Restless Development was in Johannesburg last week, leading a Regional Consultation on Youth-Led Accountability powered by The United Nations Popular Fund and She Decides with 23 young leaders from East and Southern Africa who are experts in sexual reproductive health and rights campaigning and advocacy. Tatenda Maposa took part in the event.
My name is Tatenda Maposa. I’m a male feminist from Zimbabwe, working with the Girl Child Empowerment. I Live in Masvingo town on the southern part of Zimbabwe.
I am the middle child of a family of 3 children. When I started primary school I stayed with my aunt in Kwekwe. She was the family breadwinner but unfortunately passed away when I was still very young.
I was transferred to my rural home where I finished my primary education. I was fortunate that my father got a job at a small scale mine as a chief miner. We stayed in a compound where young girls and women were treated as second class citizens and a lot of gender based violence related issues took place.
I was able to continue my education and later completed my honours degree at Great Zimbabwe University. During my school days I felt that I should have done something to support young girls and women. In most parts of the society where I grew up women were treated as decision takers, it was more than patriarchy.
As a boy I had told myself that I will break this mainstream, and become a champion of a women’s rights. Female small scale miners endured inhospitable conditions in the cut throat dominated and fast expanding but dangerous gold panning industry. Young girls and women experienced a myriad of problems such as victimization, sexual harassment, lack of SRHR services and violent disposition of intruders on their work. As a young boy all these situations disheartened me but at the same time gave me courage to liberate young girls and women.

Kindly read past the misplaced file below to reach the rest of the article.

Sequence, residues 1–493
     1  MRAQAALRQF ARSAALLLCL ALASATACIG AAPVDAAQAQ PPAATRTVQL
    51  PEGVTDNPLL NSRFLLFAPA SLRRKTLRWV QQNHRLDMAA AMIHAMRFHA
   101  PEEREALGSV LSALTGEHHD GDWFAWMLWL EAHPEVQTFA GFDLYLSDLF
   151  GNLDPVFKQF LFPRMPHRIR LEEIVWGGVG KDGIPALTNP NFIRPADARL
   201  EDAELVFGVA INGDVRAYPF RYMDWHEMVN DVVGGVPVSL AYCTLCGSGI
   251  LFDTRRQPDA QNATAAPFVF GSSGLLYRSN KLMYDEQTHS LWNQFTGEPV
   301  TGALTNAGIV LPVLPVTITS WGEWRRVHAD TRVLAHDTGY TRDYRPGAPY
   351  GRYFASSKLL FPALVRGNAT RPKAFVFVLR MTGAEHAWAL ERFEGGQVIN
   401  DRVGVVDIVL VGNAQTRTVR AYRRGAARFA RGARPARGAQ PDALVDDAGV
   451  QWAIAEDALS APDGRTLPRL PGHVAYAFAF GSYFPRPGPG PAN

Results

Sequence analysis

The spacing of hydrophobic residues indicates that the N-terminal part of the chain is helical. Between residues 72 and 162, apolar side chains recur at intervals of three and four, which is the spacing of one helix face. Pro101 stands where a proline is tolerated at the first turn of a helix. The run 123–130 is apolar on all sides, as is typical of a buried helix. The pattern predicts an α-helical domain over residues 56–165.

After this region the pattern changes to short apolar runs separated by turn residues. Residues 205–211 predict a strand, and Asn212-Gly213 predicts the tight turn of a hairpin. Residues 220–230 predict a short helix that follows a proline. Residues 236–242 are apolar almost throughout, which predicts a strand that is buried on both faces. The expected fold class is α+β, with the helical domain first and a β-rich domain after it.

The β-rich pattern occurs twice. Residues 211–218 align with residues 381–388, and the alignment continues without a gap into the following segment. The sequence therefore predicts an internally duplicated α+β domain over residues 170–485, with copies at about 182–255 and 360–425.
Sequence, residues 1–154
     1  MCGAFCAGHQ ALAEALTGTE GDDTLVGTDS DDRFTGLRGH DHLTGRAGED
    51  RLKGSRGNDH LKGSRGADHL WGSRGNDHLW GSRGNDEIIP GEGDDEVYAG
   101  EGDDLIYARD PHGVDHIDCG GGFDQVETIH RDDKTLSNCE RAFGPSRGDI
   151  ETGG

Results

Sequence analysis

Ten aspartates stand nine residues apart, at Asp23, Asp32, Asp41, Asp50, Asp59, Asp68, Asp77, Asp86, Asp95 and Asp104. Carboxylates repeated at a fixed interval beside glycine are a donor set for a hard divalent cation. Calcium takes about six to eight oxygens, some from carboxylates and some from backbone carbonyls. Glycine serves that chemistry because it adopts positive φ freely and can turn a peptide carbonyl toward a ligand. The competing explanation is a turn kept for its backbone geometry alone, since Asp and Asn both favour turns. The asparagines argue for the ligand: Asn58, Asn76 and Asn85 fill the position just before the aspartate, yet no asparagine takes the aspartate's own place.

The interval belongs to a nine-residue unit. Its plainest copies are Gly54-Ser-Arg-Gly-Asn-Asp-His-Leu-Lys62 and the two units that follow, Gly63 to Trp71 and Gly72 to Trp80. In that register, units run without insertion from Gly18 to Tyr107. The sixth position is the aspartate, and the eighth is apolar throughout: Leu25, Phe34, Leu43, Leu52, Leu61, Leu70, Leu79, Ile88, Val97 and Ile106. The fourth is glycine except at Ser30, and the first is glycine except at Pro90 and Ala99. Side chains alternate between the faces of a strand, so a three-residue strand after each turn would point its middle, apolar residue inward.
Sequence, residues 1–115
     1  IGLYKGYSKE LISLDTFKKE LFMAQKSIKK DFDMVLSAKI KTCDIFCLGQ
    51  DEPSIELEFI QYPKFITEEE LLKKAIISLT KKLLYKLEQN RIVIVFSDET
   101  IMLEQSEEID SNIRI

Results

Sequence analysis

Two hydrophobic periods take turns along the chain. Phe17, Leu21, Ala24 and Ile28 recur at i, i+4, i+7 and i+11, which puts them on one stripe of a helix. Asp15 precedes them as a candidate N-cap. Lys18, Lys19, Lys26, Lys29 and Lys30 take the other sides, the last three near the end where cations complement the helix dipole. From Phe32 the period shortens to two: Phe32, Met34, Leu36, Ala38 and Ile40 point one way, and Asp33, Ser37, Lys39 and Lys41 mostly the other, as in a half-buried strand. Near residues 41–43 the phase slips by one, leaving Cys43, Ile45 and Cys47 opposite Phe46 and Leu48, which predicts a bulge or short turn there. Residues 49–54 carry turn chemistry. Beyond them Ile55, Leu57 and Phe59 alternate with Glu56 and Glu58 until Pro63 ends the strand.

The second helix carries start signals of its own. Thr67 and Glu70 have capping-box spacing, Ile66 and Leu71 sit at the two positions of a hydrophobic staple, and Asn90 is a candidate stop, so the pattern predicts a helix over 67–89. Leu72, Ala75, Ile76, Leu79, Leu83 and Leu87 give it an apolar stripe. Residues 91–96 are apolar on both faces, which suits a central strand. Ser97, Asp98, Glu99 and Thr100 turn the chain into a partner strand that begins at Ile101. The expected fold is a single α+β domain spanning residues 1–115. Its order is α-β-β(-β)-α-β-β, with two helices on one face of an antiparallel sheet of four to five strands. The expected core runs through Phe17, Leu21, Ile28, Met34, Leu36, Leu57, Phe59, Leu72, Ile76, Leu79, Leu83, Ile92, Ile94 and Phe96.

During my days at Great Zimbabwe
As a male feminist, I faced a lot of criticism but I believe in myself and so far we have helped more than 500 young girls and women through a number of campaigns such as “my pad campaign’, ‘my stationery campaign’ and “she is human too’.
As a feminist, I would have a lot of appreciation to UNFPA and Restless Development for giving me a chance to showcase what I have achieved this December 2018 in Johannesburg, South Africa.
The regional youth summit did not only developed my career but that of my country and my fellow youth, especially on the aspect of youth accountability and ensuring that there
Thank you UNFPA and Restless Development, you are the champions of women’s rights and youth participation.